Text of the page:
Interaction in Progressive Visual Analytics. An application to progressive sequential pattern mining

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Ecole Doctorale N° 601

Mathématiques et Sciences et Technologies de l’Information et de la Communication Spécialité : INFO – Informatique



Vincent RAVENEAU »

«Interaction in Progressive Visual Analytics »

« An application to progressive sequential pattern mining »

Thèse présentée et soutenue à NANTES , le 4 Novembre 2020

Unité de recherche : LS2N – Laboratoire des Sciences du Numérique de Nantes

Rapporteurs avant soutenance :

Nicolas LABROCHE Maître de conférences HDR, LIFAT, Université de Tours

Adam PERER Assistant Research Professor, Human-Computer Interaction Institute, Carnegie Mellon University

Composition du jury :

Présidente : Béatrice DAILLE Professeure des universités, LS2N, Université de Nantes Examinateur : Jean-Daniel FEKETE Directeur de Recherche, INRIA Saclay, INRIA

Dir. de thèse : Yannick PRIÉ Professeur des universités, LS2N, Université de Nantes Co-enc. de thèse : Julien BLANCHARD Maître de conférences, LS2N, Université de Nantes




First, I would like to thank the members of my PhD committee: Nicolas Labroche and Adam Perer, for agreeing to review my work and provide valuable feedback; Béatrice Daille, for agree-ing to preside this committee; Jean-Daniel Fekete, for his role in the committee as well as for all the great discussions and support throughout the thesis.

Second, I would like to express my gratitude to my advisors, Yannick Prié and Julien Blan-chard, for their guidance, support and help during this work.

I would also like to thank the members of the LS2N laboratory that I have been pleased to meet during these years. This includes members of the DUKe team, as well as my fellow PhD students – Adeline, David, Erwan, Ziwei, Jiajun and Adrien.

Finally, my sincere thanks goes to my friends and family for their continuous support, even though I spent too little time with them during these years. I am very much thankful to my girlfriend, Maëva, for her love and encouragements.






1 Introduction 9

I State of the art 13

2 From Visual Analytics to Progressive Visual Analytics 17

1 Visual Analytics . . . 17

1.1 Origins and early definitions . . . 17

1.2 Current definition . . . 19

1.3 The importance of insights . . . 20

1.4 Generating knowledge with Visual Analytics . . . 21

1.5 Modeling the tasks performed with Visual Analytics. . . 23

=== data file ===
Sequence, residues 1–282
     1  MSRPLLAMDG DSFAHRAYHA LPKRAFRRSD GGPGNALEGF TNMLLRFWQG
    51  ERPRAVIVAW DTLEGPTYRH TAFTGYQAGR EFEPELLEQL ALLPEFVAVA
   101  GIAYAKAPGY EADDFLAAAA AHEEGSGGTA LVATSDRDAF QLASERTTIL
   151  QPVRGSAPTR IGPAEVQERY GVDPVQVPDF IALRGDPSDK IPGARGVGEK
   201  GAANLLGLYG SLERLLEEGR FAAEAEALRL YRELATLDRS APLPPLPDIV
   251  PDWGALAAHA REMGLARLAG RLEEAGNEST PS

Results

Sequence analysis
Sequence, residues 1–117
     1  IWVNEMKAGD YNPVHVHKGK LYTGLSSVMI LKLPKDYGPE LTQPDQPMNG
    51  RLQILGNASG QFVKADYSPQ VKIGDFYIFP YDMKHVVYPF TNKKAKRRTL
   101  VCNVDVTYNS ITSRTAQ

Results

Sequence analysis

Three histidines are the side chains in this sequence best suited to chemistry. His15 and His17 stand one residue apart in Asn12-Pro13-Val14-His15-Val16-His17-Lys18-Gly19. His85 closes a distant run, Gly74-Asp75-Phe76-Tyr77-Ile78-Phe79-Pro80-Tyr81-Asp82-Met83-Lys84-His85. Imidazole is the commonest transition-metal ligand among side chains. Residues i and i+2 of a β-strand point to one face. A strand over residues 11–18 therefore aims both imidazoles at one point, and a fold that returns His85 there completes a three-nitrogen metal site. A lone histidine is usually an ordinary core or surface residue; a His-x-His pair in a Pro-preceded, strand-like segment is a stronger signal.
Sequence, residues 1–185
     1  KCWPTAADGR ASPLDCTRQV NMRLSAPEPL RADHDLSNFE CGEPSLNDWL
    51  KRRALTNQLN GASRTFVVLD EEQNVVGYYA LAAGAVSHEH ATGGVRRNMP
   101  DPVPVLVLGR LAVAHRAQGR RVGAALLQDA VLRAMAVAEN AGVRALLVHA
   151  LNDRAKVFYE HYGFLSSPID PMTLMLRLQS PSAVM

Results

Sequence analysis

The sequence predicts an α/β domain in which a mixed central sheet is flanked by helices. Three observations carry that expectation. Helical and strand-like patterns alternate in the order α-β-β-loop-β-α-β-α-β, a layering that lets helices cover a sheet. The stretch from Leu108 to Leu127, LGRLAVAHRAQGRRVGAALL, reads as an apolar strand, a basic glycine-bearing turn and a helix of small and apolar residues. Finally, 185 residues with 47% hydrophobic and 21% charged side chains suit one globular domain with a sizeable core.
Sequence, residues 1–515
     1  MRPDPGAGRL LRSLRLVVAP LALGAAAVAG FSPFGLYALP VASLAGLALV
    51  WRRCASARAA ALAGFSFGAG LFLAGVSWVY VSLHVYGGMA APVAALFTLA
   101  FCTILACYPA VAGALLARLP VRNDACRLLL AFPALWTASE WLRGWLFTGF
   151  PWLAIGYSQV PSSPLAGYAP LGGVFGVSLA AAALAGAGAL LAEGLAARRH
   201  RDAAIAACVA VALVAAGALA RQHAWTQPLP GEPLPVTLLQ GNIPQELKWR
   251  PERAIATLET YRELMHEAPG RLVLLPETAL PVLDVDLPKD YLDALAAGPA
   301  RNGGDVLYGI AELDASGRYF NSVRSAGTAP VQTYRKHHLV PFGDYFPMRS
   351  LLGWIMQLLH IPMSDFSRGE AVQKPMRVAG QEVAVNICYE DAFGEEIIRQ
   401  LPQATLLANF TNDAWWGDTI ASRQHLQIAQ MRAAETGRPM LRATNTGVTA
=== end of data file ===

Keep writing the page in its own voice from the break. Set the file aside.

1.6 Examples of existing Visual Analytics tools . . . 27

1.7 Degree of automation in Visual Analytics systems . . . 30

1.8 Towards Progressive Visual Analytics . . . 33

2 Progressive Visual Analytics. . . 33

2.1 Definition and origin of the progressive paradigm . . . 33

2.2 Progressive algorithms compared to related algorithm types. . . 35

2.3 Existing implementations of Progressive Visual Analytics systems . . . . 37

2.4 Designing Progressive Visual Analytics systems . . . 44

2.5 Interaction-related user studies in Progressive Visual Analytics . . . 49

3 Conclusion – Challenges for Progressive Visual Analytics . . . 50

3 Sequential Pattern Mining 53 1 Mining patterns in sequences . . . 54

1.1 General definitions . . . 54

1.2 Sequential patterns . . . 57

1.3 Episodes . . . 57

1.4 Constraints on the mining process . . . 59

1.5 Counting pattern occurrences. . . 60

2 Sequential Pattern mining algorithms . . . 64

2.1 Apriori-like algorithms . . . 64


2.3 Implementations . . . 69

3 Conclusion – Towards Progressive Pattern Mining . . . 70

3.1 Sequential Pattern mining within Progressive Visual Analytics . . . 71

3.2 Progressiveness in Sequential Pattern mining . . . 71

II Propositions 73 4 Interactions in Progressive Visual Analytics 79 1 A framework of possible interactions with an algorithm in Progressive Visual An-alytics . . . 80

1.1 Interactions between an analyst and an algorithm. . . 81

1.2 Progressive Visual Analytics systems seen through our framework . . . . 82

2 An updated definition of Progressive Visual Analytics . . . 84

3 Indicators to guide the analysis . . . 87

3.1 Indicators for the analyst. . . 87

3.2 Indicators in existing systems . . . 89

4 Conclusion . . . 89

5 Towards Progressive Pattern Mining 91 1 Analysis tasks performed with patterns . . . 92

1.1 Choosing a task model . . . 92

1.2 Andrienko and Andrienko (2006): data model . . . 92

1.3 Andrienko and Andrienko (2006): task model . . . 93

1.4 Data model for sequential patterns . . . 98